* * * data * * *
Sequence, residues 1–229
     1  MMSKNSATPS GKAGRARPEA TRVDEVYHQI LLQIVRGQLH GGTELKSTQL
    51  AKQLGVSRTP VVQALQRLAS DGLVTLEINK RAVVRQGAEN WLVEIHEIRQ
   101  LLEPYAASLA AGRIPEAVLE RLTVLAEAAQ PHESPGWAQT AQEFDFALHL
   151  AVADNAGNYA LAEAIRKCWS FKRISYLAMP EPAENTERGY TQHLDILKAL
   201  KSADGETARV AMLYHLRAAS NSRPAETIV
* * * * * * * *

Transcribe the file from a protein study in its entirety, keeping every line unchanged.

Sequence, residues 1–229
     1  MMSKNSATPS GKAGRARPEA TRVDEVYHQI LLQIVRGQLH GGTELKSTQL
    51  AKQLGVSRTP VVQALQRLAS DGLVTLEINK RAVVRQGAEN WLVEIHEIRQ
   101  LLEPYAASLA AGRIPEAVLE RLTVLAEAAQ PHESPGWAQT AQEFDFALHL
   151  AVADNAGNYA LAEAIRKCWS FKRISYLAMP EPAENTERGY TQHLDILKAL
   201  KSADGETARV AMLYHLRAAS NSRPAETIV